In short, what Trump and Cruz are proposing would require the most draconian budgetary cuts and savings ever attempted by a White House and Congress. The necessary cuts would make House Speaker Paul Ryan’s previous unsuccessful drives for major entitlement reform – which generated outrage among many Democrats -- look like a walk in the park.

Critics – including Fox News Sunday host Chris Wallace – have told Trump and Cruz that their tax and spending numbers simply “don’t add up” and have pressed for a clearer explanation of what they have in mind.

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Trump has insisted that he could achieve much of his savings without tampering with Social Security and Medicare by going after “waste, fraud and abuse” in government – an evergreen proposal in the budget debate. He would also dismantle the Department of Education and the Environmental Protection Agency and phase out the Common Core State Standards.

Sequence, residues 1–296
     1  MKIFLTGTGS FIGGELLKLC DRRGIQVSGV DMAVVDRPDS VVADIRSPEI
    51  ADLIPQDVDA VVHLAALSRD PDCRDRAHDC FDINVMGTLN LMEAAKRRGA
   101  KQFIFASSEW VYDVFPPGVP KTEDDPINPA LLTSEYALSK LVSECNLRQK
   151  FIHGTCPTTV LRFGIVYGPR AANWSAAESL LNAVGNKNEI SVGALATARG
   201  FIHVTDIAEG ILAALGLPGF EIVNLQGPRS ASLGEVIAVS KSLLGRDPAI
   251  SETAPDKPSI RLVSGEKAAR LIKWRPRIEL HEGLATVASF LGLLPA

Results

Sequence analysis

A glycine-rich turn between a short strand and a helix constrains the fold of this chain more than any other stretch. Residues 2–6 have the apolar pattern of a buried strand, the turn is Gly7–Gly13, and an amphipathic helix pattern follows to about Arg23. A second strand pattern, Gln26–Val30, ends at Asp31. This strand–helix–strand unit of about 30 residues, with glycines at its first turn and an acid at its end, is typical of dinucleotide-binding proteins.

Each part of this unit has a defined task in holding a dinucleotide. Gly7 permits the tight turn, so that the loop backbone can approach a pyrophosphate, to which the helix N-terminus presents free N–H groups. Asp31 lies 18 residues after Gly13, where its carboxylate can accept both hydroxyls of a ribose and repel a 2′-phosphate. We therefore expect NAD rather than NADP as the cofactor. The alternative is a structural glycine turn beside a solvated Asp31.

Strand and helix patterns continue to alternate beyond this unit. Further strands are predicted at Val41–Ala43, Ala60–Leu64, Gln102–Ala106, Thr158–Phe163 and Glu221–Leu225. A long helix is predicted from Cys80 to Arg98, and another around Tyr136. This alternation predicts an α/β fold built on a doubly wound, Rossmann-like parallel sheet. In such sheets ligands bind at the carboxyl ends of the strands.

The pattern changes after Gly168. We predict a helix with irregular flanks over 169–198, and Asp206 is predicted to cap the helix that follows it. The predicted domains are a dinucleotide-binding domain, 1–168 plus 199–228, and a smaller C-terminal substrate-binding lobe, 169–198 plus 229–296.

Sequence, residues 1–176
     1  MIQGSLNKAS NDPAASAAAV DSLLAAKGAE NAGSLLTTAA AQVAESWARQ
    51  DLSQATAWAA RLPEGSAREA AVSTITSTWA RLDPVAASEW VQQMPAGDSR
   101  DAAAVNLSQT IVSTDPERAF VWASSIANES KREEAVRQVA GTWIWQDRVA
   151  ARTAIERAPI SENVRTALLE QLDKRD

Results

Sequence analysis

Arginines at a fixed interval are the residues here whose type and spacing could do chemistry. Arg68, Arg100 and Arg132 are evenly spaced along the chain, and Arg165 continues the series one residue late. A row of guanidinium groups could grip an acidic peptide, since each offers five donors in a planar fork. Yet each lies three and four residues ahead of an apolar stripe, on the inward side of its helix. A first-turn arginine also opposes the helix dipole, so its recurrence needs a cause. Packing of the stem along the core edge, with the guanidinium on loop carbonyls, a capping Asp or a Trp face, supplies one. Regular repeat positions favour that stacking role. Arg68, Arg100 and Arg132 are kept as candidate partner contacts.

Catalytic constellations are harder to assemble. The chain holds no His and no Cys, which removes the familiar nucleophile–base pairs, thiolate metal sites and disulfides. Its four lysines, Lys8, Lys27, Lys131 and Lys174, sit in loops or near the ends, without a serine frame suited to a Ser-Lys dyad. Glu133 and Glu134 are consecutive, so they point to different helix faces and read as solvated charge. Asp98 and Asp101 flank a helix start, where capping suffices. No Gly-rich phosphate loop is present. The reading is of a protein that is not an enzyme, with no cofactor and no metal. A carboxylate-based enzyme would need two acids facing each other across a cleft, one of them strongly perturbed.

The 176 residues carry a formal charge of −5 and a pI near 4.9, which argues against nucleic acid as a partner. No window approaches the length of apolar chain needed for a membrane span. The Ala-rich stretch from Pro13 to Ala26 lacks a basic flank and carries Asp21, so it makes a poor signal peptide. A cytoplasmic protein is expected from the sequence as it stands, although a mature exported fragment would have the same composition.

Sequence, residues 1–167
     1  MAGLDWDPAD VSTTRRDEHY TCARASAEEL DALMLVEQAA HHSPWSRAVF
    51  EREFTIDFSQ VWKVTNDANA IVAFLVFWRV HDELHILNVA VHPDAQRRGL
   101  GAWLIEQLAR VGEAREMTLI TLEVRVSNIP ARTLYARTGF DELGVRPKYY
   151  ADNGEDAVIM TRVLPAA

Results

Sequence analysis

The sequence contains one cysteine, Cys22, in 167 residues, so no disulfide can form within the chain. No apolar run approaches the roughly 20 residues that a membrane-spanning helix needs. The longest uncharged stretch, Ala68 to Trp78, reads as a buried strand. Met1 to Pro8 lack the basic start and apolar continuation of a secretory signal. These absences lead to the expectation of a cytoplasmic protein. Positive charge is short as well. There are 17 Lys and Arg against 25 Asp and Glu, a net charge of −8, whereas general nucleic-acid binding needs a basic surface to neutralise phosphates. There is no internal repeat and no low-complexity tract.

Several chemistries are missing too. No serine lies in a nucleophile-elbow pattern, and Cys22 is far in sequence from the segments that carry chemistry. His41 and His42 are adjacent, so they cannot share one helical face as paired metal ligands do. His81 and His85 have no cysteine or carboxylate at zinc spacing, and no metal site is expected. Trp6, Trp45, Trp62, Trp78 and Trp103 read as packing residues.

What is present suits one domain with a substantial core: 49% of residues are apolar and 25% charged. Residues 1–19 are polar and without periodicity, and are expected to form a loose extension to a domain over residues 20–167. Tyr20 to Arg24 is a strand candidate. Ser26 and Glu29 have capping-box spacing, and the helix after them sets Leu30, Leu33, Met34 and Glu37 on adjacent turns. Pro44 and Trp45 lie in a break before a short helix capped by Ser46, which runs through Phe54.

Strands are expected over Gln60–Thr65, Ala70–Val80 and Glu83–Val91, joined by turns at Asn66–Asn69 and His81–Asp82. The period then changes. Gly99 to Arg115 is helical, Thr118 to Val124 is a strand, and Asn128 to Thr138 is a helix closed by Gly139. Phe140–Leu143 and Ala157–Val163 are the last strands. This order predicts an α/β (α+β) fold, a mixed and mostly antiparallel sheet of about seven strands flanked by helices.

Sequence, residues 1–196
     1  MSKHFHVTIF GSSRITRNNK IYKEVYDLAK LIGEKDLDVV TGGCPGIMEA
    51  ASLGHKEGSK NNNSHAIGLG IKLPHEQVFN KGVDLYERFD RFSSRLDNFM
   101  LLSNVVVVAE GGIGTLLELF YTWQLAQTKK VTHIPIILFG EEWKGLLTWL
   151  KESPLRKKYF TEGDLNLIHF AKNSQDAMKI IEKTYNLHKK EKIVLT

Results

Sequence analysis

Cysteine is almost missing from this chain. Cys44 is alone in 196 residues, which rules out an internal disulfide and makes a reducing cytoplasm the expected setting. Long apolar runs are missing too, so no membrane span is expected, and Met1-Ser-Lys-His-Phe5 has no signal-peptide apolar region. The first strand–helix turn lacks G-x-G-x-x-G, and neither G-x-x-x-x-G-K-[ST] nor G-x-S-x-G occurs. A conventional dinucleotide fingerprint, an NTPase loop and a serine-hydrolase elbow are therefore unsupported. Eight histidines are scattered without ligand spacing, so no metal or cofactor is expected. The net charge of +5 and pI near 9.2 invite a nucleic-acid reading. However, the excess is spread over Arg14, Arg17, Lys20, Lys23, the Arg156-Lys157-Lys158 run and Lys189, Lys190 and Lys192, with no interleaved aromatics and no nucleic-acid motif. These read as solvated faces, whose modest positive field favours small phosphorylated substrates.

“We’re bringing education locally,” Trump explained during a GOP debate in early March. “The Department of Environmental Protection, we are going to get rid of it in almost every form. We’re going to have little tidbits left. But we’re going to take tremendous amounts out.”

Finally, he promised to drive a hard bargain as president in negotiating future government contracts, especially for the Defense Department, to save substantial tax dollars. But many of his proposed savings are a drop in the bucket compared to the enormity of the long term debt.